CNA Training, specifically certified nurse’s aide training, prepares those who undergo it to work in a variety of health service venues, either with short-term stay patients or long-term stay residents. These venues can be hospitals, for example, rehab centers, or nursing homes.
In the superstructure of health care it is the doctor who diagnoses and prescribes. Meanwhile, at the next level, it is the nurse working at a long or short-term stay health care facility whose job it is to deliver the treatments and drugs the doctor has prescribed to the resident or patient, as well as document the progress of the patients or residents in his or her care. Those with CNA training work under the supervision of a nurse, delivering hands on care. Often, it is the CNAs, acting in their capacity, who serve as an invaluable extra set of eyes and ears for the nurse.
Because they are often the first caregiver the resident or patient calls on, as well as the caregiver who usually spends the most one on one time with the patient or resident, it is often the CNA who first notices important changes in those they care for. These changes in the patient or resident’s catalog of symptoms are very important, as they affect both the ongoing care of the resident or patient as well as the documentation the nurse must maintain. Aside from making use of their eyes, their ears, and their training, which alerts them what to look for, CNAs also collect official data using various health care implements. They do this by taking, blood pressures, temperatures and other kinds of measurements, useful for documenting a resident or patient’s progress or decline.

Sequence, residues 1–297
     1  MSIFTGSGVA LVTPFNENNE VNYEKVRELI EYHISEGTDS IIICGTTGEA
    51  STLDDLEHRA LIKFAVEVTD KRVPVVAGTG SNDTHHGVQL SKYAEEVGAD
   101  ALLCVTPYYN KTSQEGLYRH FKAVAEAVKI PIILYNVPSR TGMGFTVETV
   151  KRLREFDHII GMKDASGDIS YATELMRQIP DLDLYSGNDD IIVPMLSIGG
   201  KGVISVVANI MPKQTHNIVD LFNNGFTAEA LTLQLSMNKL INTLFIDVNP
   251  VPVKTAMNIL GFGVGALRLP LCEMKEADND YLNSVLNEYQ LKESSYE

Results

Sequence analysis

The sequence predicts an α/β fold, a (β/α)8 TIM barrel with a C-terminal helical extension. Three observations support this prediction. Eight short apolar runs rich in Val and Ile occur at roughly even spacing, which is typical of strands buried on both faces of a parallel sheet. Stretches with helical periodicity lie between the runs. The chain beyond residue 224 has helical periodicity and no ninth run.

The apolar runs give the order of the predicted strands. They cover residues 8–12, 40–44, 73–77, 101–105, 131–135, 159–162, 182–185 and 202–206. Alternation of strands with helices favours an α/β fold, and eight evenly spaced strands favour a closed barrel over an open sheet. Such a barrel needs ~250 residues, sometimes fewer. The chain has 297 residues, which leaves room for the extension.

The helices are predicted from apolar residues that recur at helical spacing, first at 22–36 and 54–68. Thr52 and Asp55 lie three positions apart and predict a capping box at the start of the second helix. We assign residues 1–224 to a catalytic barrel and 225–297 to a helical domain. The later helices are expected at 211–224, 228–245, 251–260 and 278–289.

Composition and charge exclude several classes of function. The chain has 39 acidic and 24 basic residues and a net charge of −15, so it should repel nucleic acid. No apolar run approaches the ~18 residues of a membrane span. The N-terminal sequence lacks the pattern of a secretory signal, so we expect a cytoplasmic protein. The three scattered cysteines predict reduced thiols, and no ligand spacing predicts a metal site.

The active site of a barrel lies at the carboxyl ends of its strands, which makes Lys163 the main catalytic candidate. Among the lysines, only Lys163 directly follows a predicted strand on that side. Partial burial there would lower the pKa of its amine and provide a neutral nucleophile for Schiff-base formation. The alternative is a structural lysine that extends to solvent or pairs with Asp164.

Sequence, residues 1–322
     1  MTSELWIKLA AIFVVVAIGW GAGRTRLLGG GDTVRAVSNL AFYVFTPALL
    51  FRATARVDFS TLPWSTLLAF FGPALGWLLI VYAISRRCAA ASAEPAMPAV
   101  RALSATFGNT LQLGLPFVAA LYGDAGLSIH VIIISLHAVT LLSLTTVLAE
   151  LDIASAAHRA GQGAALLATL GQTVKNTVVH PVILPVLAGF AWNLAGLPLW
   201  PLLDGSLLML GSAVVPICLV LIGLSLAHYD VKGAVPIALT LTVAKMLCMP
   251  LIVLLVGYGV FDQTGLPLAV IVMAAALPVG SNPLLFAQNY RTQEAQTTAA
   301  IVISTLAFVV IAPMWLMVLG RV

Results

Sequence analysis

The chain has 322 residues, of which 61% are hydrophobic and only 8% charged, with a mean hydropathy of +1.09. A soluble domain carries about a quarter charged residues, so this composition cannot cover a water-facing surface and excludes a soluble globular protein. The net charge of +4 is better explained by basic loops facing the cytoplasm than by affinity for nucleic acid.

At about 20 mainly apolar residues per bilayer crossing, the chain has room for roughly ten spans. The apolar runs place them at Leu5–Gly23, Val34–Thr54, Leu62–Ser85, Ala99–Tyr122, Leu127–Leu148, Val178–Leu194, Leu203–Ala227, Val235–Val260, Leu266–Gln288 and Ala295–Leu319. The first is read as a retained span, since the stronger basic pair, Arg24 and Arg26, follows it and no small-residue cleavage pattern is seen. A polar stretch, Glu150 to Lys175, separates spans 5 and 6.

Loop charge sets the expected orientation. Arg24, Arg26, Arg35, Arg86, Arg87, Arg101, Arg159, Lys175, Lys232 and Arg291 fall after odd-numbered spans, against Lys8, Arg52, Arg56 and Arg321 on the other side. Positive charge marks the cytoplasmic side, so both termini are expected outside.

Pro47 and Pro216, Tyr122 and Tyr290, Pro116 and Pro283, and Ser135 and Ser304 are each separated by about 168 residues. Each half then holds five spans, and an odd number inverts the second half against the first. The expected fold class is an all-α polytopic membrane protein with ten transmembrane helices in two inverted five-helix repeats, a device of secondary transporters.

Related CNA Information: Get a Nursing Degree Online | Online Nursing Degree | CNA Training Classes | Certified Nursing Assistant Classes | CNA Certification Classes | CNA Training Programs | Nursing Assistant Programs
While the doctor has the training to read and interpret specialized tests and criteria, thereby making an informed diagnosis, he or she is not generally available to witness each patient or resident’s ongoing reaction to treatment over each twenty-four hour period. He or she must rely on the detailed written observations of the nursing staff. While the documentation done by CNAs is generally of a more mundane nature, their notes and observations are crucial to fleshing out the reports and documentation of the nurses who deliver the drugs and treatments and in turn report changes of import to the doctor. Clearly then, it is obvious that those with CNA training fill an invaluable capacity in the health care industry.